Remembering Art Phillips

On April 26, a Friday, admirers, family members, friends, public servants, entrepreneurs, opportunists, and general citizens gathered to remember prominent businessman and politician Art Phillips. The Pacific Ballroom in the Hotel Vancouver is a stunner, with crystal chandeliers and plaster mouldings picked out in gold and silver leaf, yet until the memorial began, attention was directed not to the room’s appurtenances but to the hundreds who filled it: both Adrian Dix (deep in chat with Bob Rennie) and Christy Clark (emcee Bill Good would begin with the quip, “They’ve put their campaigns on hold for a couple of hours to be with us, proving that hell can freeze over-for a period of time”); Mayor Gregor Robertson and top staff Mike Magee and Penny Ballem and Jim Chu (wearing “all the bling today” in his dress uniform); former attorney-general Wally Oppal and former Fantasy Gardens feuder Faye Leung. Former premier Gordon Campbell, who had flown in from London for his old friend and mentor, sat often alone amid the crowd of diverse politicos like Norman Stowe and Lyall Knott and Colin Hansen and Elizabeth Ball and academics and parents with babies and, really, anyone hep enough to recognize this as a moment when the city moves a little closer toward whatever it’s destined to become, a destination made possible-in part-by the forward-looking acumen of the man of the hour.

On the screen, a photograph of Phillips late in life, in French cuffs and vest, wrists crossed, hair brushed just so, handsome and lively. Alex Waterhouse-Hayward, who took it, said to me: “You should be happy I never photographed you. They all die.” “In the Mood” was on the speakers until the piper entered, the choir sang (“Loch Lomond”), and Good introduced the speakers: 75-year buddy, architect Barry Downs, who built the family’s first house in West Van (his first private commission) and who recalled Phillips’s self-penned caption in the 1947 Lord Byng annual: “So versatile his future is yet unknown.” John Montalbano, hired out of university to help Phillips with the investment firm he’d cofounded in 1964 at age 34 (“Vancouver was important-it was geographically the midpoint between New York City and the beaches of Hawaii,” he joked) and part of the package when Phillips, Hager & North was sold in 2008 for $1.4 billion. Phillips bankrolled the firm in its early years, Montalbano noted, from his own funds (he was already a millionaire by the time he gained the mayor’s chair in 1973) but insisted Rudy North and Bob Hager profit equally: “That single gesture was the secret of Phillips, Hager & North’s success for years to come.” And political compatriots the Hon. Jack Austin and Supreme Court Justice Grant Burnyeat, who name-checked the brain trust of those times: Phillips and TEAM (The Electors’ Action Movement) mates Mike Harcourt and Darlene Marzari and planner Walter Hardwick and city manager Fritz Bowers and architect Geoff Massey and councillor William Gibson and “the greatest mayor that Vancouver never elected,” Mae Brown.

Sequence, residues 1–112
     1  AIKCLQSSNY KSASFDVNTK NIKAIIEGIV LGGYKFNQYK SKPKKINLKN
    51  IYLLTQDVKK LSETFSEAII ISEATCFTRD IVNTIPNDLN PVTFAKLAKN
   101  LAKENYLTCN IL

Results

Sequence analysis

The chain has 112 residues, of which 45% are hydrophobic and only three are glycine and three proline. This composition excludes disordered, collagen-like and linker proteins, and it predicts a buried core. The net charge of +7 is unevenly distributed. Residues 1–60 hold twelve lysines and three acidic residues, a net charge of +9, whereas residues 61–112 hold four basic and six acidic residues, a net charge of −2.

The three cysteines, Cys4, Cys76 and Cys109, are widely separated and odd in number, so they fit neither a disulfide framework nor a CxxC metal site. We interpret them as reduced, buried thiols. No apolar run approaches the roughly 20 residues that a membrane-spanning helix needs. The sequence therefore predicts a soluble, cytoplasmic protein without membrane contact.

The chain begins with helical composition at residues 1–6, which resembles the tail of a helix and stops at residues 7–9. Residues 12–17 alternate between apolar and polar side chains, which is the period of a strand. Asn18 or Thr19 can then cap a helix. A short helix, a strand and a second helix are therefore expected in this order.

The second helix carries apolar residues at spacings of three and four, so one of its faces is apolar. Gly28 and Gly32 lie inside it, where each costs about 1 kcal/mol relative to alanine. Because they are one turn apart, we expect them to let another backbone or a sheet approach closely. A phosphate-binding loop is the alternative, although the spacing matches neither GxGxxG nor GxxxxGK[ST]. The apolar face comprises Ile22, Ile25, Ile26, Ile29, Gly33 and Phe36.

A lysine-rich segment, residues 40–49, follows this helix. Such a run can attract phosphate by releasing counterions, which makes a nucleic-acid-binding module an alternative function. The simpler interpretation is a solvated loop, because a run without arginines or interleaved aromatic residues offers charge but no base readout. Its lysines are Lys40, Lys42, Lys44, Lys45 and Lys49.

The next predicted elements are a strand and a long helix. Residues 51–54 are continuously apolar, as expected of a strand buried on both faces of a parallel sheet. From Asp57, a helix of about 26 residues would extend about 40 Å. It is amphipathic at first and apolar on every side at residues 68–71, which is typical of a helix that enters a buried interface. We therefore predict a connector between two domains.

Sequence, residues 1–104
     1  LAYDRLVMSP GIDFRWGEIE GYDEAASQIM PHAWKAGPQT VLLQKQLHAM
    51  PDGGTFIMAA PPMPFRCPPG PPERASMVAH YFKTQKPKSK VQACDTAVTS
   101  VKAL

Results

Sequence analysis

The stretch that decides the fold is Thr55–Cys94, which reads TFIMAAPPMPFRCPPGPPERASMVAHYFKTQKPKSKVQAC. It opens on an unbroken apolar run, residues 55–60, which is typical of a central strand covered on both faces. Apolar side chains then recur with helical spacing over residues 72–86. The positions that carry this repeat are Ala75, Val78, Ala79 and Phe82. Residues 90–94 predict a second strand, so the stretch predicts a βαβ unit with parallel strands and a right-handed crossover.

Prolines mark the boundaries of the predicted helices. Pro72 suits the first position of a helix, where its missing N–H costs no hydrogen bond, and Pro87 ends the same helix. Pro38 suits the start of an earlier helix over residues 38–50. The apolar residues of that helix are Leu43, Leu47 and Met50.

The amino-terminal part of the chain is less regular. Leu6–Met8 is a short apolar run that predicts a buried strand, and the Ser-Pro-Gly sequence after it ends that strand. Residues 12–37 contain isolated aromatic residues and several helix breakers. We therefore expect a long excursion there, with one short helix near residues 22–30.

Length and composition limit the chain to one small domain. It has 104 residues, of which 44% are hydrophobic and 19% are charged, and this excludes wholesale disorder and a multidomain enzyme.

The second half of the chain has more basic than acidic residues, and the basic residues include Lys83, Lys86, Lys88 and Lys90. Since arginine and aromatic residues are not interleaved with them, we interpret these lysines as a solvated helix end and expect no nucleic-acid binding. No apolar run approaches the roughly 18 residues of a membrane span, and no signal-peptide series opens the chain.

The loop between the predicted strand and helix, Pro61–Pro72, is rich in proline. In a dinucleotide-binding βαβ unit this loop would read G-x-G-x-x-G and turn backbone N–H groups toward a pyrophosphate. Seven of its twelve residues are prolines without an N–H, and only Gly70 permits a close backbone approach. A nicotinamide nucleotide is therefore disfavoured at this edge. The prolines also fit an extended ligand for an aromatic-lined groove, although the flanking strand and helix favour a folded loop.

The reminiscences-about stopping the freeway and opening up the democratic process and building False Creek South and being generally a standup guy who held to his word-finished with full hearts but dry eyes, as his widow, Carole Taylor, requested. Good spoke for her: “Art wouldn’t want anything too formal. It wasn’t his style. So we ask that you make the afternoon uplifting and personal.” And they did.

Some of his six children spoke as well. Eldest daughter Sue Biddle and youngest Samantha Kadera remembered their dad with warmth. Middle daughter Lisa Jones followed up with a note to me, saying that for all the wonderful recognition of his accomplishments at council and in business, we had perhaps not heard enough of her father’s fearless élan for investment and his puckish humor. She mentioned the pet he’d always wanted, which he bought soon after he and first wife Patricia Phillips (née Burley) married: a stump-tailed macaque named Zsa Zsa (after Gabor) who wore a diaper except the one famous day she didn’t. And she cited business ventures like the Grouse Mountain gondola (there’s still a plaque on the mountain) and the Skookum Slide and Zero Records, which helped launch Loretta Lynn, and the seawall and Granville Island, which wraps back to Justice Burnyeat, who concluded with as kind a eulogy as anyone might hope for: “He was a catalyst of excellence. I’m proud to be a citizen of what I call Phillipsville.”